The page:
BV: There are other international sports where fans can list 15-20 guys, like golf. In tennis, even with all the great promotions that go along with the US Open Series, we still seem to see the same guys on TV. But the networks are in a Catch 22 because they feel like if they don't put the stars on that fans won't tune in at all and their ratings will plunge. It's a risk to put on lesser-known players if fans don't immediately identify with them.
BV: All the players understand how important ratings are, but there are way for TV to go over to some other matches and give exposure to some other players, so when Andre or Andy lose in the first round,, the tournament isn't a complete bust. The closer Agassi gets to retirement, the more this is becoming a risk. That's why it was great to see James Blake and Robby [Ginepri] do well at the Open so that some other American players got some exposure. You've known Ginepri for a long time. Were you surprised that he shot up early last year, went way down and then this summer, went on a great run?
BV: He's very talented and tennis came very easily to him. When it comes easily at a young age you just start to enjoy it. He stopped working as hard; he was living the life; he had bought this great home in Atlanta and figured he could coast. Then people started to figure out his game; he got frustrated. But, once he dropped out of the Top 100, it was wake-up call that he had to fight and push himself to whole new level. He's playing at a whole new level now. What about Gambill, who has gone way down from being a real US hopeful and Wimbledon quarterfinalist?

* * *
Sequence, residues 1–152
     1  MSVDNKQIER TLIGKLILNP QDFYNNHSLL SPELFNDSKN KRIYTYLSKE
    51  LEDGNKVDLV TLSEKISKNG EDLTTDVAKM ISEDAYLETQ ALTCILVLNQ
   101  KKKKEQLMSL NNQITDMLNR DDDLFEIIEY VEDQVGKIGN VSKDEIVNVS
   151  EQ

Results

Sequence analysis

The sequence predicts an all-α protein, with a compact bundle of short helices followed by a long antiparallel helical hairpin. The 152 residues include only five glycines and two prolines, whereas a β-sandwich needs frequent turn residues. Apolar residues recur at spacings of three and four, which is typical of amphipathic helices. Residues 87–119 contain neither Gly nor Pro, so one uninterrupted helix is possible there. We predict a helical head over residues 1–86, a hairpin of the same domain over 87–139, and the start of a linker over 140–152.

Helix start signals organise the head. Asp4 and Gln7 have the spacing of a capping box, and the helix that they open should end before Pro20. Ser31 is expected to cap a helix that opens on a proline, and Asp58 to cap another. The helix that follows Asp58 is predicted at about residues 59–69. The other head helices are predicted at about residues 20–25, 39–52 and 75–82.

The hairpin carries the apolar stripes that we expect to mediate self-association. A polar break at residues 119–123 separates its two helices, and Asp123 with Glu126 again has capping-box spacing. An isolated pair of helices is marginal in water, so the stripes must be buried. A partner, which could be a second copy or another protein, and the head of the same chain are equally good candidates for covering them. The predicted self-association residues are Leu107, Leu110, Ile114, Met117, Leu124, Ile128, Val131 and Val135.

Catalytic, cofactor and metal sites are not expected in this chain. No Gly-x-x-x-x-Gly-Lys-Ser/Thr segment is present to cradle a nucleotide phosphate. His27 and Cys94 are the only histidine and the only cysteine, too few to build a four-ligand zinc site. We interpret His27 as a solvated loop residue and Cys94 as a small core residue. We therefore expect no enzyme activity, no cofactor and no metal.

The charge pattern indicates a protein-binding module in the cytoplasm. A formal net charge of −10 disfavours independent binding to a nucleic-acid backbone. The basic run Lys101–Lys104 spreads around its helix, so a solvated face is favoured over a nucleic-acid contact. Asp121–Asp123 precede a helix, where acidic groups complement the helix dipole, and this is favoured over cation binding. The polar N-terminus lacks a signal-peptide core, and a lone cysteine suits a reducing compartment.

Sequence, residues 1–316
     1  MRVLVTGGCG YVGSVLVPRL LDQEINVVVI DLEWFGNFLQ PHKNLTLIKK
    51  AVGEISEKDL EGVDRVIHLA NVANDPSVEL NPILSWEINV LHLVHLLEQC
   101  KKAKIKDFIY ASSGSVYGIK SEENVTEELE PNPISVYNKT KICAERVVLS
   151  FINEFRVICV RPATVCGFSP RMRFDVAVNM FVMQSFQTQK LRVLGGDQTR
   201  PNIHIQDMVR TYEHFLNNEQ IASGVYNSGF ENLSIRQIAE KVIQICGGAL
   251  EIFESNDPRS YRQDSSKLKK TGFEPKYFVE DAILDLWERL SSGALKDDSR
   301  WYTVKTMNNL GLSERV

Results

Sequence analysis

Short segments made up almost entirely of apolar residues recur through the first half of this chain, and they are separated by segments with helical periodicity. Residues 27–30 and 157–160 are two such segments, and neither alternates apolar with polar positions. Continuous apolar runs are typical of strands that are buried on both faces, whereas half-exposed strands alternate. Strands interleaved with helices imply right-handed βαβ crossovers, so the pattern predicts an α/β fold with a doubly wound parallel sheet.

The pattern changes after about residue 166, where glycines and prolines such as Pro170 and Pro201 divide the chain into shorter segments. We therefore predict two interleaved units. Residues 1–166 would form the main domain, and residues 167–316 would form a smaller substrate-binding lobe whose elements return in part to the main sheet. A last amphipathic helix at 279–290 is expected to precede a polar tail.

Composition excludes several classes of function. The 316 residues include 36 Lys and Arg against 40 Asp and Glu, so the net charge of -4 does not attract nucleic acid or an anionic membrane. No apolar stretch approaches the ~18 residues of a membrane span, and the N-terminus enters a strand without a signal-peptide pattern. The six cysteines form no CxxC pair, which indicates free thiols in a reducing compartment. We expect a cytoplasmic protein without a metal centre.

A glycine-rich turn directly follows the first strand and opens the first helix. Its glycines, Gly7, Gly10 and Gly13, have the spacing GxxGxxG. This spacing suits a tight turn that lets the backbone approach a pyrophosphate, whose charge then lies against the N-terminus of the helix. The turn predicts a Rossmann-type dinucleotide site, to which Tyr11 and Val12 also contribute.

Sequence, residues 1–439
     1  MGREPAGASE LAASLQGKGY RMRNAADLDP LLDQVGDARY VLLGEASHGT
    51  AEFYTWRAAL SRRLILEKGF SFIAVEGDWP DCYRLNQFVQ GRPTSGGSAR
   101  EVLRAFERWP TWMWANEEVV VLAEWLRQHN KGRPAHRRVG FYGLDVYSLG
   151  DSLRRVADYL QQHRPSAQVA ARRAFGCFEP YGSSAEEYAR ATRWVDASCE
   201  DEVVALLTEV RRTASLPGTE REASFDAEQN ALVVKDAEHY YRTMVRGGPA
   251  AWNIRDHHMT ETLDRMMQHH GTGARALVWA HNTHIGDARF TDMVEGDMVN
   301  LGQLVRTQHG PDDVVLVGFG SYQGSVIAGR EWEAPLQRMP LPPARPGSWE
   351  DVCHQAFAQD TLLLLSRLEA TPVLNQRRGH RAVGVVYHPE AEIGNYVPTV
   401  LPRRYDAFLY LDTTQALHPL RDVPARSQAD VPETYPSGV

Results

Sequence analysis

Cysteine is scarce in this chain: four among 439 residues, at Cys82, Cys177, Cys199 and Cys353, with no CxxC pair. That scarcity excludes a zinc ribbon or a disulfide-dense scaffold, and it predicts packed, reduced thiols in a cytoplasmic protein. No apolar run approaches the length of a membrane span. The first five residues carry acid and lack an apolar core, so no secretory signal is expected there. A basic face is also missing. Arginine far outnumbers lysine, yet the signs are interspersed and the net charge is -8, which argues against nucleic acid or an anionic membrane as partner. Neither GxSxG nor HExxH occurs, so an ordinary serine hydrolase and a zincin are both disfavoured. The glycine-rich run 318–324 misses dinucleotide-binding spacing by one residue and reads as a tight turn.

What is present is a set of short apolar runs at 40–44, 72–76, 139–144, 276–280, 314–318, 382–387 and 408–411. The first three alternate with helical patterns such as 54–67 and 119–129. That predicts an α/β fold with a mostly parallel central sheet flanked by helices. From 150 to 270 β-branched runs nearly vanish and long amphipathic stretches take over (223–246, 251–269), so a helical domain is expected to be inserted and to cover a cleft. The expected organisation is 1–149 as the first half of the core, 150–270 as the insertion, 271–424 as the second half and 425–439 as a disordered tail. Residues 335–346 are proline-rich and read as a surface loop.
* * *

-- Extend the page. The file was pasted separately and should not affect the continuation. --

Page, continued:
BV: All the players are aware of what a strong player he is and that he is capable of great tennis. He's struggling and his confidence is sown but if he can get it back up again, he can compete with the better players. He's a nice guy and incredible talent. If you don't achieve the goals you set for yourself in tennis, will you be disappointed, or will you be able to walk into another life content?
BV: My whole life I've had people who doubted me. Even when I was the top-ranked junior, one of the high-level coaches told me that I'd never be a good pro. For me it culminated in at Indian Wells 2003 when I beat Ferrero, Fernando Gonzalez and Tommy Robredo. I proved to myself and to everyone else I could do it. For me to walk away with regrets isn't an option. A lot of it now for me is gravy.

LA Pics & Reports ~ My New Blog: Adventures of a Picky Foodie! ~ My Travel Blog

to (in no particular order): BryOns | Mandy | MarTy | Isner | Dent | Querrey | Baghdatis | Delic | Oli | N&o | Gasquet | Ferrero | Levine | Malisse | LUX | Melzer | Moya | Nishikori | Haas | Grosjean | Ancic | Mathieu | Calleri | Bolelli | Sela | Blake | more...
Deboogle!. is offline  
For the best viewing experience please update your browser to Google Chrome